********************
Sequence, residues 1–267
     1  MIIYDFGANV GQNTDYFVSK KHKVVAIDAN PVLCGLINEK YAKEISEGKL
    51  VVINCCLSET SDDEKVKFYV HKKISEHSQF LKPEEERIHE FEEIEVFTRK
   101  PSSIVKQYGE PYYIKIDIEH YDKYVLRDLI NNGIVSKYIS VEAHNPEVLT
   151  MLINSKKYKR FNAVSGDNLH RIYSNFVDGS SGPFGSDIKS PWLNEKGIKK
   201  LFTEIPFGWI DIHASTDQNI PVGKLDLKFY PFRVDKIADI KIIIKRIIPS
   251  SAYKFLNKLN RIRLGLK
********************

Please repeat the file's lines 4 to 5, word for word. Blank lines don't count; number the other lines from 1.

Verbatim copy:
   101  PSSIVKQYGE PYYIKIDIEH YDKYVLRDLI NNGIVSKYIS VEAHNPEVLT
   151  MLINSKKYKR FNAVSGDNLH RIYSNFVDGS SGPFGSDIKS PWLNEKGIKK